April Jones: Finding My Heritage
April Jones, artistically known as Sharie LaShell is an R&B recording artist. Her music combines R&B, Neo Soul, Rock, and Pop to create a smooth, light, but powerful sound. She loves to pay homage to the 90’s New Jack Swing period. She has a song that was released around the time of the pandemic that reflects that period. This song features 19-year-old Memphis rapper, Princess Yasmin and it is upbeat and jamming.
Before we begin our conversation, April brews some herbal tea, stocked with a blend that would benefit the throat of any vocalist or lyricist. She adds fenugreek, rose hips, lemon balm, and burdock root; all of which were gathered from Maggie’s Farm. She breaks up the tea by grinding it and then begins to strain it for her first cup. Filled with antioxidants and flavonoids, she sips as we slowly move into our conversation.
April Jones was born in Memphis, Tennessee. Her family consisted of her mother, stepfather, twin sister, an older sister, and an older brother. Her mother engulfed her and her twin in music and creativity from the beginning of their lives. For a while, she attended Willow Oaks, an urban school, then she switched to a predominately white school. She had a crush on a Jewish boy named Zach in middle school and begin to attempt to be more like him. Her newfound identity caused her family to shun her.
In the 7th grade, she attended an urban, less diverse school. It was closer to where they lived, it was easier work, and there were more people from their neighborhood. Her mother wanted the twins to be around other black children more often. She felt like they were emulating privileges they would never have. While April did not feel that way, she recognized her mother’s attitude added another obstacle to her journey towards self-identification. Eventually, April found a happy medium, where color, colloquialism, and identity was less important- art and music. She discovered that art liberated her to interpret her life as she saw it and music opened the door for her speak in her words what she believed. April likes to think she is able to connect with anybody, regardless of background through her artistic and musical interpretation of life.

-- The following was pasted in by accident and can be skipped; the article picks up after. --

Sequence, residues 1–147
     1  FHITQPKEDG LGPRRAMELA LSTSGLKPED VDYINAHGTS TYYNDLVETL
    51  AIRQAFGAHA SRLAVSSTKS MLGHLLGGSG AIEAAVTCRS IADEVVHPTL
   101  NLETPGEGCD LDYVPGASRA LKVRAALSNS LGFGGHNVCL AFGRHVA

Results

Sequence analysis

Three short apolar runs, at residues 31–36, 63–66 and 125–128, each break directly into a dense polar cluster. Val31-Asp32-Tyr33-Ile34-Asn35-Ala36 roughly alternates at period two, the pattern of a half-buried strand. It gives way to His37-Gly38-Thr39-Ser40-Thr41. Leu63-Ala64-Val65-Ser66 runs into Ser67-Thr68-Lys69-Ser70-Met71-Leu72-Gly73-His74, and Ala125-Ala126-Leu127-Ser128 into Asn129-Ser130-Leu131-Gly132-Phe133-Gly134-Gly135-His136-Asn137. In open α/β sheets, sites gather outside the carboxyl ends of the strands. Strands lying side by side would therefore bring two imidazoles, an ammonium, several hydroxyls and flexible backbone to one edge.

Our conversation flows in and out of cultural enlightenment, April’s smile is constant and bright, her voice is engaging and textured. Behind her small in-home studio, her paintings express the struggles, but also her connection to the fight for her own self identity, her femininity and her authenticity as she felt it to be. April comments she is proud of her femininity, proud of her Blackness, proud of her music, and proud of her art.
She insists that she is grateful for even those discerning and judging moments. They have made her who she is today; grateful, loving, concerned, and informed; while still keenly aware of the situations and learnings of others.
April encourages others around to embrace as much positivity as they can, get up and dance, and let go of the stress, especially those things you can’t control. She does not believe in living in a box. Colors, textures and sound is her happy place and that’s exactly where she will shine.